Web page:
You don’t need to “decide” how you feel in any given circumstance. 

Many people put pressure on themselves to “make up their minds” about how they feel. 

They’ve been convinced that they only get to feel one way or another about a person or a situation. 

That if they’re angry, that means they can’t also feel sad. 

Or if they’re sad, they can’t also feel grateful. 

Or if they’re grateful, they can’t also feel annoyed. 

So they try really hard to figure out how they “should” feel about something or in a given situation, and then they do everything they can to deny, disown, or limit their awareness of any other feelings they might have. 

The thing is: emotions don’t like to be denied or disowned. 

They exist for a reason: to be felt, and sometimes expressed. 

And if we’re consciously trying to deny them the opportunity to be felt or expressed, because we’ve decided we “shouldn’t” be feeling them…they WILL find a way to make themselves “heard.” 

People who have Dissociative Identity Disorder know firsthand how this works. They’ve unconsciously sequestered certain feelings and memories into different “parts” of themselves, which they then go out of their way to not acknowledge. 

(They don’t do this on purpose; it’s a process that happens instinctively, because certain feelings and memories are too overwhelming for their conscious minds to deal with.) 

The way people with DID get better is by learning what they’ve unconsciously sequestered away in their “parts,” and developing the coping tools and skills necessary to handle those feelings and memories (i.e., without having to hide them away in their “parts”). 

People with DID get better to the extent that they accept that denying and disowning their feelings and memories is no longer an option— that if they truly want to function without their “parts” screaming for attention from the inside, they need to acknowledge and communicate with the “parts” of themselves that may feel, remember, and “hold” a variety of intense, perhaps painful things.

This same process— of acknowledging and accepting everything we’re feeling and experiencing, regardless of whether it’s the “right” thing to feel at a given moment— is something we all need to get good at.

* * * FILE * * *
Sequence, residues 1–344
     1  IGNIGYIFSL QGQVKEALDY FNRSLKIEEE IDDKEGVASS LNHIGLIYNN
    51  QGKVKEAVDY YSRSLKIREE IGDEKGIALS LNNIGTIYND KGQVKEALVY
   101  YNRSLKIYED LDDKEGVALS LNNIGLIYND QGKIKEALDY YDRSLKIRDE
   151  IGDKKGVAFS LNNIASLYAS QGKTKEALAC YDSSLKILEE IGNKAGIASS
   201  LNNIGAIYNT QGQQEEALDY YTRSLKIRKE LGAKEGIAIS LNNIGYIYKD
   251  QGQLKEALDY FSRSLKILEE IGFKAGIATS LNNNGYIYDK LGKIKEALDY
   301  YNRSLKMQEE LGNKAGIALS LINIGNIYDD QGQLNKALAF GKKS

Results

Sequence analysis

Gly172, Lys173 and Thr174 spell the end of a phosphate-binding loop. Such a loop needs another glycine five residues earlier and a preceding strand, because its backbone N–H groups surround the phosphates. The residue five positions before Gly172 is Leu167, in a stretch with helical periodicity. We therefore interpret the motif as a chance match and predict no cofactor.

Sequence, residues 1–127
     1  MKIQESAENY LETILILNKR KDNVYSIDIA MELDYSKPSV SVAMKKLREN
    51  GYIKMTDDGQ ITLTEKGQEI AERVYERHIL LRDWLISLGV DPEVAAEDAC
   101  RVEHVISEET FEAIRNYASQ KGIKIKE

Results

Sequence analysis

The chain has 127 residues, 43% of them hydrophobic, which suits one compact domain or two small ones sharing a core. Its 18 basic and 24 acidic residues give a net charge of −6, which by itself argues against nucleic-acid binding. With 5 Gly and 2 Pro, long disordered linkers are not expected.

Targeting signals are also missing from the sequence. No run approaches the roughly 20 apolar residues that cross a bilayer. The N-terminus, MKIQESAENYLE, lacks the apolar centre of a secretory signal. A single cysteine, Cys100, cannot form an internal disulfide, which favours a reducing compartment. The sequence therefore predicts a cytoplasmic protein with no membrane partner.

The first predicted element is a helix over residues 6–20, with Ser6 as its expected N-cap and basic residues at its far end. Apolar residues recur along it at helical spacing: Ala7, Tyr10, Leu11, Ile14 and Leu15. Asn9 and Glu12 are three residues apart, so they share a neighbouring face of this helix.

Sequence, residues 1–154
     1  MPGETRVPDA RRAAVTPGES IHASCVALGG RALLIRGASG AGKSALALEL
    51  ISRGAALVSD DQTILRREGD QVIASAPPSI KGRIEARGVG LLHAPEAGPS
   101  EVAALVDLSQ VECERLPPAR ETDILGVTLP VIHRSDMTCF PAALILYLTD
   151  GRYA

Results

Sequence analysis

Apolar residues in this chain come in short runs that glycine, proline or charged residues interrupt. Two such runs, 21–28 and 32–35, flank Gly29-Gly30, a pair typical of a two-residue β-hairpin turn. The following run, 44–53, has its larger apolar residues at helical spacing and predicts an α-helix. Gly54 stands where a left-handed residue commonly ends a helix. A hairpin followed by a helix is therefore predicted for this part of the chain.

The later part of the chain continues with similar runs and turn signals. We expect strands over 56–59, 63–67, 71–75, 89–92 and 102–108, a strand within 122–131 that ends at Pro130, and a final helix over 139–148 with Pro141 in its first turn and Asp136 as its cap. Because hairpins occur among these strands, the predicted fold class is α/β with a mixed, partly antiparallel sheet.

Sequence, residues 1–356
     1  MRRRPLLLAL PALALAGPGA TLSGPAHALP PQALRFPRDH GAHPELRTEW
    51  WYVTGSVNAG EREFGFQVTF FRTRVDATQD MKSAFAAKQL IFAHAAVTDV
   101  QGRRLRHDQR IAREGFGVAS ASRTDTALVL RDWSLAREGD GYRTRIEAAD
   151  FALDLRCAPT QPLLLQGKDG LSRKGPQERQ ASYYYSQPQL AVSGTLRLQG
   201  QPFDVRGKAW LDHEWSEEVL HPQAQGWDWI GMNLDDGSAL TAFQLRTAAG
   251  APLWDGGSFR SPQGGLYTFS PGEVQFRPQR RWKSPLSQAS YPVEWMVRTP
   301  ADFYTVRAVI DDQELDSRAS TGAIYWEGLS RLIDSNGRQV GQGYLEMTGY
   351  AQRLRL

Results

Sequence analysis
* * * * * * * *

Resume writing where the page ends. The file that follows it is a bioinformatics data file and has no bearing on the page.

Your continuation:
Different parts of us are going to feel different things. 

It doesn’t mean we’re crazy. 

We can’t treat our mixed feelings as if they are crazy. 

We need to acknowledge and accept everything we’re experiencing and feeling with compassion and care— even if we don’t quite understand it, or even if we’re not thrilled with it.

Denying and disowning feelings and experiences is a surefire way to make sure they will not leave us alone. 

It’s important for everybody reading this to realize that there is no rule that says you HAVE to feel only ONE thing about a situation or a person. 

Human beings are complex. Situations are complex. You are complex. 

Your past is complex, and your future likely will be as well. 

We need to get used to the idea that we’re going to be of different minds about many things…and that we can accept and get curious about those different minds, without the pressure to “decide” what we feel. 

All the “parts” of you have something valuable and important to say. 

They all need your attention. 

They all need your care. 

They need your time, and they need your patience. 

To the extent that you can manage the anxiety that comes with not feeling one “correct” feeling about every situation or person, and instead listen to what ALL of your parts have to say, you’re not going to have to worry about the “parts” of you clawing their way into your awareness. 

Your “parts” will come to trust you and wait their turn…if you give them reason to trust you. 

Listen to them, respect them, and communicate with them. 

They want to help. 

But they’re really hard to manage if they feel neglected or ignored. 


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